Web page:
By CBS3 Staff

OCEAN CITY, N.J. (CBS) — Tropical Storm Fay hit the jersey Shore hard on Friday with high wind, torrential rains and flooding. The National Weather Service says Fay made landfall near Little Egg Harbor Inlet in Ocean County around 5 p.m., making it the first tropical system, hurricane or tropical storm to make landfall in New Jersey since Hurricane Sandy in 2012.

Many streets looking more like rivers on Friday. The winds were still strong in Ocean City on Friday night, but the shore town is in much better condition than it was this morning.

Pooling in the streets, bubbling water at storm trains and massive amounts of water delaying and obstructing traffic was the norm in the morning.

“This morning, I went out to get some pastries and stuff like that. It was blowing,” Mike Hoffman, of Reading, said. “Blew the umbrella inside out and then we walked down to see the waves earlier in the ocean, they were huge.”

Roads were flooded and people weren’t able to leave their homes.

Many boardwalk shops kept its doors shut as waves were crashing, winds were whipping and no beachgoers in sight.

“Nuts. It’s ridiculous man,” Marcus Miller of Egg Harbor City said. “I knew it was going to rain but come on. The streets are always flooded so I hope I can leave.”

Eyewitness News spotted two surfers looking to catch some waves.

The Pottstown residents say they were in the water on Friday morning, but the waves were so choppy a lifeguard asked them to leave.

“Usually, they’re like 2, maybe 3-foot waves,” Logan Zerby said, “but I woke up this morning and checked Magicseaweed — was so stoked to find out there were 5 to 7-foot waves.”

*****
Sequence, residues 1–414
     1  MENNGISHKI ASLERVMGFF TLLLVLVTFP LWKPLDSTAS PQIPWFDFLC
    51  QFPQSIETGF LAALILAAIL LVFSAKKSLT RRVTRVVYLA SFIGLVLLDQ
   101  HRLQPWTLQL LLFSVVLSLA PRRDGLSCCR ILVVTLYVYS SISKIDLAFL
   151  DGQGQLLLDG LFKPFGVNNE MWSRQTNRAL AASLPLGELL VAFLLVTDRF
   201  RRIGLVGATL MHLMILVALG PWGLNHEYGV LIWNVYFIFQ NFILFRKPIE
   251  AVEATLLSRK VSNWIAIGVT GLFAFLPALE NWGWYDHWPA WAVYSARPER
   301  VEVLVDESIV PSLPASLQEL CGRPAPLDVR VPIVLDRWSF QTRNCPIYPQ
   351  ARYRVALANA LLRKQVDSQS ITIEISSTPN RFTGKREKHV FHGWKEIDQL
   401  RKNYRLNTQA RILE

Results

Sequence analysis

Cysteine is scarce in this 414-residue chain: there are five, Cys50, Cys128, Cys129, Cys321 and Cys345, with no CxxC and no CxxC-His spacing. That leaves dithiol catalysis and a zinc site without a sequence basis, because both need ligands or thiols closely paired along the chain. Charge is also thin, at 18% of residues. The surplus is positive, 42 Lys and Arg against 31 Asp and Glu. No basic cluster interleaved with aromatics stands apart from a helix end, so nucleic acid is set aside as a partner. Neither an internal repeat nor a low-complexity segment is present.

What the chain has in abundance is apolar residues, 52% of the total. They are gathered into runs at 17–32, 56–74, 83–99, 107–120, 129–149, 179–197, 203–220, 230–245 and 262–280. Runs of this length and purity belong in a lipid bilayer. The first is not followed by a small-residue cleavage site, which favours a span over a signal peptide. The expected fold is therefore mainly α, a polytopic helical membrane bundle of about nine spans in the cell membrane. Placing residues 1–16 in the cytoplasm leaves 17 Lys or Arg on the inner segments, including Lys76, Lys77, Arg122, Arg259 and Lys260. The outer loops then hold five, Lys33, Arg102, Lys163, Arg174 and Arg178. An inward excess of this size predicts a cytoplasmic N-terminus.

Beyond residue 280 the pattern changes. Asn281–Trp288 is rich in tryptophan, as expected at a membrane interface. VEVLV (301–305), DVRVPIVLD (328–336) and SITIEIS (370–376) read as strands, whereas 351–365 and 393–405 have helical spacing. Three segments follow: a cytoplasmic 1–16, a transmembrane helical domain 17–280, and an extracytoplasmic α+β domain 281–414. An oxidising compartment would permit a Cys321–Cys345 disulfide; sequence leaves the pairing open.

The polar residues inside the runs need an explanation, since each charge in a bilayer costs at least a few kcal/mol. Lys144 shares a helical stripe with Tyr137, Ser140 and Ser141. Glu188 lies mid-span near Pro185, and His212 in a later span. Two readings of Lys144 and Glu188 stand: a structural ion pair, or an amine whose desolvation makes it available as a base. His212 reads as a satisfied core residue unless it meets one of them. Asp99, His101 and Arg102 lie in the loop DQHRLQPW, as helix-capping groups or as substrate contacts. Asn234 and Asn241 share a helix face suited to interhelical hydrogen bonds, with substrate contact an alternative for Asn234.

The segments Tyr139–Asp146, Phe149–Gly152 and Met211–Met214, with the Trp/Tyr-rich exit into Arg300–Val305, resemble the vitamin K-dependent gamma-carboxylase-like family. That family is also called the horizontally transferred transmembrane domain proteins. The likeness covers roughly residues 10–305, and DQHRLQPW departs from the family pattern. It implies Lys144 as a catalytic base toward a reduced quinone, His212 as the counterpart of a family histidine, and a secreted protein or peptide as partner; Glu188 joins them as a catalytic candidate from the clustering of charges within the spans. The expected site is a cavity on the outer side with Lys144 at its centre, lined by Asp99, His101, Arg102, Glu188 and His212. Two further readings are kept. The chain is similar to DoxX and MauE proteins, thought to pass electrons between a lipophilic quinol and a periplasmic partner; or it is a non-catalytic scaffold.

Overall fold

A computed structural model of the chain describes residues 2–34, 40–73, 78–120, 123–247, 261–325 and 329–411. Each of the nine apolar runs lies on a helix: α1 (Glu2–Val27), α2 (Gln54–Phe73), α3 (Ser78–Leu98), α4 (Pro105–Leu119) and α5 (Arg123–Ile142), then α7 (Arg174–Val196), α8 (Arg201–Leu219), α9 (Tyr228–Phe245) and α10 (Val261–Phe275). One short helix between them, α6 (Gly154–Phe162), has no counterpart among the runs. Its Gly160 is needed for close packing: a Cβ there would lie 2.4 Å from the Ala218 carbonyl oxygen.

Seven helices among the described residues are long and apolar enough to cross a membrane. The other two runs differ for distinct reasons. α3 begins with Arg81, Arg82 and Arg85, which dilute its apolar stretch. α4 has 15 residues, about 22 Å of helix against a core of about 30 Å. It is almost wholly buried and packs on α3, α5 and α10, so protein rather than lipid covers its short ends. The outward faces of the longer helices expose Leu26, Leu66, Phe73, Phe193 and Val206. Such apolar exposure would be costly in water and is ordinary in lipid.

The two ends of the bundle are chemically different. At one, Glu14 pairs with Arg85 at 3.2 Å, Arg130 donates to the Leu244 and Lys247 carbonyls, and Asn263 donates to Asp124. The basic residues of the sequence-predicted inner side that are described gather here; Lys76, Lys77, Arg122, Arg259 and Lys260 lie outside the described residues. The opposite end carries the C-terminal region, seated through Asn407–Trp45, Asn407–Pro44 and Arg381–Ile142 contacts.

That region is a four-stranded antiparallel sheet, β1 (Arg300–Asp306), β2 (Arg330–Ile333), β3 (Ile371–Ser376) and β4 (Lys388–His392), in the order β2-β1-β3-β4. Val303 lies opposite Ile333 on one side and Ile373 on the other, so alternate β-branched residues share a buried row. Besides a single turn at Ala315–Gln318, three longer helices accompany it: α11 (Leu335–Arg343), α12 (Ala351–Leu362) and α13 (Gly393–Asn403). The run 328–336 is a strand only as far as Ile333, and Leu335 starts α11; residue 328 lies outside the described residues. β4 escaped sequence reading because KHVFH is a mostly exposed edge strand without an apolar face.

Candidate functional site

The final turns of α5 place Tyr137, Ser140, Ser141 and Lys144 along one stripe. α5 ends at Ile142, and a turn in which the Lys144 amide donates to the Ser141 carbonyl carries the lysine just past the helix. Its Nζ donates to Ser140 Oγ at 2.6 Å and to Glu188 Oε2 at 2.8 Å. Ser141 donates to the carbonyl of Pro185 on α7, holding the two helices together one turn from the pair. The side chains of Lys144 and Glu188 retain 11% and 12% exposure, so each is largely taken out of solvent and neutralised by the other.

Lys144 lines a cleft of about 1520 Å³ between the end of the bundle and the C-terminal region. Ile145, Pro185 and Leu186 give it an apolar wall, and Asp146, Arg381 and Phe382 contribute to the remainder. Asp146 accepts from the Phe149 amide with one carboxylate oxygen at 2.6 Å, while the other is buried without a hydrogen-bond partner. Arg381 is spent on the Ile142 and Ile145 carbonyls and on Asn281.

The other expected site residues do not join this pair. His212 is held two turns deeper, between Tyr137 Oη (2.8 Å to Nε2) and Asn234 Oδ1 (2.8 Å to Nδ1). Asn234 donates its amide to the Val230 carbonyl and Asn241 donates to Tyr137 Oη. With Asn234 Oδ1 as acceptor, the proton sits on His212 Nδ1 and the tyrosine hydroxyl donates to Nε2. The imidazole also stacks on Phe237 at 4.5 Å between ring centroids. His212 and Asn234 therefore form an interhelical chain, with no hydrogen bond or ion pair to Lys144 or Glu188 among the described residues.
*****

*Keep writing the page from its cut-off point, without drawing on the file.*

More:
“We look forward for the week out and look for the waves to get bigger and bigger,” Alex Virag said.

A couple who delayed their wedding several times due to COVID-19 got married in Ocean City on Friday evening as the impact of Tropical Storm Fay was still being felt.

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Other parts of South Jersey also felt the impacts of Tropical Storm Fay.

There was severe flooding in Avalon and Admiral Wilson Boulevard in Camden was flooded.

“Wind was extremely strong,” Joey Ferrell, of Springfield, said. “Probably starting around 7:30 this morning, and it got a little crazy.”

Over in Ventnor City, the city dealt with flooding in some loy lying areas.

“Because we have so many dips and the sewage the way it runs, it’s really deceiving,” Ventnor City Police Chief Douglas Biagi said.

Biagi says Ventnor City Public Works were prepared, placing barricades and barrels in areas prone to flooding. But even some areas that don’t normally experience slow drainage were hit.

During breaks in the sky, families were out making the best of it.

“We decided to come out, let the kids see the ocean because it’s crazy,” Shelby Simmons said, ” and just be outside while we can then go back and bunker down later.”

So whether playing in a makeshift pool or doing stunts on the boardwalk, it was a nice break to get out of the house. Of course, there was a plan just in case they got caught in the rain.

“He’ll take his shirt off and put it on the kids,” Emma Magnus said, “and we’ll run home because we have the jogging stroller so we’re OK.”

The heavy winds did cause garbage cans and other small objects to blow away, but so far, there haven’t been any reports of injuries or downed trees in the area.

CBS3’s Dan Koob, Alecia Reid and Kimberly Davis contributed to this report.